There was discussion about how useful a certificate of analysis is in documenting product authenticity, or if these forms are too easily falsified. The United States Pharmacopeia Convention (USP) proposed that compendia standards serve as a key marker for importer compliance. Excipient producers requested an exemption from import restrictions, noting that foreign producers ship large quantities of excipients to the US for a broad range of uses, making it impossible to segregate out those products specific to pharmaceutical production.
Another important topic is whether to permit compliant importers to qualify for expedited clearance procedures. US manufacturers would like to see risk-based standards for those importers that meet high standards, noted Sarah Spurgeon, assistant general counsel at the Pharmaceutical Research and Manufacturers of America (PhRMA). Industry representatives also proposed that GIP requirements might differ based on the type of drug imported, company inspection history, and evidence of supply-chain controls.
The globalization of drug production is a positive development, in that manufacturers can make products anywhere and market them worldwide via the Internet, noted John Taylor. But FDA “can’t just do more inspections and more examinations of imports,” he said. Instead, the agency needs to engage in inter-agency activities within the US and collaborate more with international regulatory and health organizations. FDA will be issuing a number of regulations and guidance documents to implement its new programs and is looking for manufacturers to help weigh all the options.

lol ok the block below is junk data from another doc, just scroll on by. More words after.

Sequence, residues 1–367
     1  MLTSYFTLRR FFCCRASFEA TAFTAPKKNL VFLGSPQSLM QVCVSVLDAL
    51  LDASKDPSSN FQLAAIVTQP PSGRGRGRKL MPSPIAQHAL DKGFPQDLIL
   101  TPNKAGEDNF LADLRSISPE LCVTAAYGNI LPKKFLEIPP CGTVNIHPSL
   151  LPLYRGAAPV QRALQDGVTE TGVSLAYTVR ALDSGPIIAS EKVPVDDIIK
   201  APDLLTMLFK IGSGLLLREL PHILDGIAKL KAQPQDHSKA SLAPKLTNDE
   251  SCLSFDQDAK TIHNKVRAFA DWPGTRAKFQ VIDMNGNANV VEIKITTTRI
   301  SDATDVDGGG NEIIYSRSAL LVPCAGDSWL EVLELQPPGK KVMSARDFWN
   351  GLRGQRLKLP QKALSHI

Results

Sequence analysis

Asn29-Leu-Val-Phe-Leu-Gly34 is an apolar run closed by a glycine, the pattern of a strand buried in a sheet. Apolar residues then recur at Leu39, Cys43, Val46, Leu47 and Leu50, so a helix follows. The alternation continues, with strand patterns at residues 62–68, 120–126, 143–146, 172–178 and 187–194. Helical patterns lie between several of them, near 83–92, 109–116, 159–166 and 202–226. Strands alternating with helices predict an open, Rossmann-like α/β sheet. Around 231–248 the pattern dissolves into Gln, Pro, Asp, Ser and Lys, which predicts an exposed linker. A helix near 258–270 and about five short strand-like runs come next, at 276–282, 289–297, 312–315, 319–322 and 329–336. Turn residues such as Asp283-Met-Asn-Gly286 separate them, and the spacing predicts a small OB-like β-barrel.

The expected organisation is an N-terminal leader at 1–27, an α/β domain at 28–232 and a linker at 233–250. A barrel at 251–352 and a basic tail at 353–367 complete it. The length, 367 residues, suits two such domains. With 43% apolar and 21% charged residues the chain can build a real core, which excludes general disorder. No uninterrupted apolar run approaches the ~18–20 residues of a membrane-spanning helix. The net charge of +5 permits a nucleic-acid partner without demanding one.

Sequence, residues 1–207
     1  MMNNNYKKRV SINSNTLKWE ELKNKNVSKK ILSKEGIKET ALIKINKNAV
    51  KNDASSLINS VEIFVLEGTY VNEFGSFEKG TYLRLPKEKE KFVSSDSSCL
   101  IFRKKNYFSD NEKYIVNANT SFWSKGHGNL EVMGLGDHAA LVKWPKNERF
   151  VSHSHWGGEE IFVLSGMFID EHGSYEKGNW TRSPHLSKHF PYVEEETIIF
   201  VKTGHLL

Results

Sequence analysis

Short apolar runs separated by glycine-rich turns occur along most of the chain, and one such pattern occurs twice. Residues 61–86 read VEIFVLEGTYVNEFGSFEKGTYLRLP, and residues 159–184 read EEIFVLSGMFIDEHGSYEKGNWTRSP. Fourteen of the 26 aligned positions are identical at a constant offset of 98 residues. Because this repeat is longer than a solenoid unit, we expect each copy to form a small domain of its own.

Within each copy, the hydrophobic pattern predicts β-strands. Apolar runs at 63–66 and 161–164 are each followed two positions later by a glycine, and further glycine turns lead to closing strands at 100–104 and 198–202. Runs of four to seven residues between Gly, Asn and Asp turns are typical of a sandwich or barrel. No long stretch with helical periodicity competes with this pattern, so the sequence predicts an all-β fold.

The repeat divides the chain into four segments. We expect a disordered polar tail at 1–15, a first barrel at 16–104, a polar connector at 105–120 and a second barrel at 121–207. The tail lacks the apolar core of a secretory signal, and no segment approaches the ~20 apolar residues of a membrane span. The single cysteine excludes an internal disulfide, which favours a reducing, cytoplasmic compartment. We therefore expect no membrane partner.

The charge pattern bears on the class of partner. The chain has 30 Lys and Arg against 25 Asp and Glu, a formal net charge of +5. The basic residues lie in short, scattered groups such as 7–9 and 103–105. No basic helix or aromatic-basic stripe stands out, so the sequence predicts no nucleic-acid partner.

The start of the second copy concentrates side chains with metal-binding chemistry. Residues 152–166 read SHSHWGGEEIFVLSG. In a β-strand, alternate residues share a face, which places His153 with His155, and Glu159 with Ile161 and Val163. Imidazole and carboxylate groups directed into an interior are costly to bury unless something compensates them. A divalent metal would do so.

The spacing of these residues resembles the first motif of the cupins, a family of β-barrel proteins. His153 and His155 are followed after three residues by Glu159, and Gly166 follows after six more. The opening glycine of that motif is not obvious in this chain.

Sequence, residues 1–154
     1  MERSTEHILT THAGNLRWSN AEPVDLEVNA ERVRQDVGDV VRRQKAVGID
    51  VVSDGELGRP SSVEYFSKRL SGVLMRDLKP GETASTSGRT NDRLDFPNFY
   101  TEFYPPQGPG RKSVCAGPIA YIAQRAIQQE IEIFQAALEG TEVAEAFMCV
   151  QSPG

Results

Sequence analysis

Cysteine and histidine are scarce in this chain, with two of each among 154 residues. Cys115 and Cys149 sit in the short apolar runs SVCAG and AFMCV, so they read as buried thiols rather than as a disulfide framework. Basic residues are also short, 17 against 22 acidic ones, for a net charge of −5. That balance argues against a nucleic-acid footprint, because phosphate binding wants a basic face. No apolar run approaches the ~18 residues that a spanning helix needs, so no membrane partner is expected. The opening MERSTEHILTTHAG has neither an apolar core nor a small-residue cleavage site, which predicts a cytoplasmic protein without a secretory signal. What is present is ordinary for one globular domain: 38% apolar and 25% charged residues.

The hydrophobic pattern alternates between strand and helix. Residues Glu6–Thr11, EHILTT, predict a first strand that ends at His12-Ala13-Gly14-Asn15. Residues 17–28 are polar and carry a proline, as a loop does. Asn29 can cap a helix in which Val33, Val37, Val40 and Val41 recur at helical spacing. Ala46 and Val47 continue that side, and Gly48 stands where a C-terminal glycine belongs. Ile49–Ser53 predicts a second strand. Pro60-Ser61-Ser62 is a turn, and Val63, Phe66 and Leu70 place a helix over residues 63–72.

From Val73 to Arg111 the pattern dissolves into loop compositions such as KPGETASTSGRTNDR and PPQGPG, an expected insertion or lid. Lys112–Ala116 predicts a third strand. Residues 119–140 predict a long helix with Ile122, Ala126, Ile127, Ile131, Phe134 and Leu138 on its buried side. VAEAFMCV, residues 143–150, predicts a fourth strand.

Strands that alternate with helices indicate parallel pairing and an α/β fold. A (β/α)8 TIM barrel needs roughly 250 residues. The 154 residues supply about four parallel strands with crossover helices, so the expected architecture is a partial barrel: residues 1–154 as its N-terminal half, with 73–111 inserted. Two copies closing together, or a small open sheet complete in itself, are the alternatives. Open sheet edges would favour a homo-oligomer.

1. Federal Register, Vol. 78, No. 135, pp. 42382-6 (July 15, 2013).
2. FDA, Circumstances that Constitute Delaying, Denying, Limiting or Refusing a Drug Inspection, draft guidance (July 12, 2013), www.fda.gov/RegulatoryInformation/Guidances/ucm122044.htm, accessed Aug. 2, 2013.
3. Farquhar, www.fdalawblog.net (July 18, 2013).
About the Author
Jill Wechsler is Pharmaceutical Technology’s Washington editor, Chevy Chase, MD, 301.656.4634, email@example.com. Read Jill’s blogs at www. PharmTech.com/wechsler.